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              Primate anterior cingulate cortex: where motor control, drive and cognition interface.

               T. Paus (2001)
              Controversy surrounds the function of the anterior cingulate cortex. Recent discussions about its role in behavioural control have centred on three main issues: its involvement in motor control, its proposed role in cognition and its relationship with the arousal/drive state of the organism. I argue that the overlap of these three domains is key to distinguishing the anterior cingulate cortex from other frontal regions, placing it in a unique position to translate intentions to actions.
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                Author and article information

                Journal
                Front Hum Neurosci
                Front Hum Neurosci
                Front. Hum. Neurosci.
                Frontiers in Human Neuroscience
                Frontiers Media S.A.
                1662-5161
                09 December 2013
                2013
                : 7
                Affiliations
                1Donders Institute for Brain, Cognition and Behaviour, Radboud University Nijmegen Nijmegen, Netherlands
                2International Max Planck Research School for Language Sciences Nijmegen, Netherlands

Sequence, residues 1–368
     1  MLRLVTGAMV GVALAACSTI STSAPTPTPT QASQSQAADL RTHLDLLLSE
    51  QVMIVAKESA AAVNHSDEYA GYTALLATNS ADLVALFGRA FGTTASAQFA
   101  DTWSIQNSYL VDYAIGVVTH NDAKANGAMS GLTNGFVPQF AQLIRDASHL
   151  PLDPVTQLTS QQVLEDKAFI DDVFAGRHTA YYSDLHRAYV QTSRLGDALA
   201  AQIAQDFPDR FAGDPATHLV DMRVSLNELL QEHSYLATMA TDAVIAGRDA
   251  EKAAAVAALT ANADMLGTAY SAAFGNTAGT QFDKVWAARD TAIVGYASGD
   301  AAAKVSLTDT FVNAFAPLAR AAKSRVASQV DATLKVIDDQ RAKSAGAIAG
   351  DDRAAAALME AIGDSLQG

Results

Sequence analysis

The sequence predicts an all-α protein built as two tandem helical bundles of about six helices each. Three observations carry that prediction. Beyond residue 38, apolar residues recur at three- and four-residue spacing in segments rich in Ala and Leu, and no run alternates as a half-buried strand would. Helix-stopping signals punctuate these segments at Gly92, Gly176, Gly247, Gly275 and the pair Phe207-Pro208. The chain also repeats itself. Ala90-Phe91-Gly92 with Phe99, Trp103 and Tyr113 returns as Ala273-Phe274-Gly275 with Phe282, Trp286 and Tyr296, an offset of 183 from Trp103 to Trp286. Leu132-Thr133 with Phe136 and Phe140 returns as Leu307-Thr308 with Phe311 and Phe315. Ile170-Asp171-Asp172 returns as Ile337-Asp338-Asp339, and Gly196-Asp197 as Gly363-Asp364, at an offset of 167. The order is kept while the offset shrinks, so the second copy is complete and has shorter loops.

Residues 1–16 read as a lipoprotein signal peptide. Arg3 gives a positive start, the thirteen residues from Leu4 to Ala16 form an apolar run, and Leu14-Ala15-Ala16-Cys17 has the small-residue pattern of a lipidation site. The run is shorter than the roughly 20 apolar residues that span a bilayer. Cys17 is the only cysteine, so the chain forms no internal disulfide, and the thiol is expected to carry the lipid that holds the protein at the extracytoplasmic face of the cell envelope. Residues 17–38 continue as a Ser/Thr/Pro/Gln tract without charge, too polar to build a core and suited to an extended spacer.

3Neurobiology of Language Department, Max Planck Institute for Psycholinguistics Nijmegen, Netherlands
                4Behavioural Science Institute, Radboud University Nijmegen Nijmegen, Netherlands
                Author notes

                Edited by: Greig I. De Zubicaray, University of Queensland, Australia

                Reviewed by: F-Xavier Alario, CNRS and AixMarseille Université, France; Stefan Heim, RWTH Aachen University, Germany

                *Correspondence: Vitória Piai, Donders Institute for Brain, Cognition and Behaviour, Centre for Cognition, Radboud University Nijmegen, Montessorilaan 3 B.01.05, Nijmegen 6525 HR, Netherlands e-mail: v.piai@ 123456donders.ru.nl

                This article was submitted to the journal Frontiers in Human Neuroscience.

                Article
                10.3389/fnhum.2013.00832
                3856851
                24368899
                Copyright © 2013 Piai, Roelofs, Acheson and Takashima.

                This is an open-access article distributed under the terms of the Creative Commons Attribution License (CC BY). The use, distribution or reproduction in other forums is permitted, provided the original author(s) or licensor are credited and that the original publication in this journal is cited, in accordance with accepted academic practice. No use, distribution or reproduction is permitted which does not comply with these terms.

                Page count
                Figures: 3, Tables: 7, Equations: 0, References: 86, Pages: 14, Words: 11909
                Categories
                Neuroscience
                Original Research Article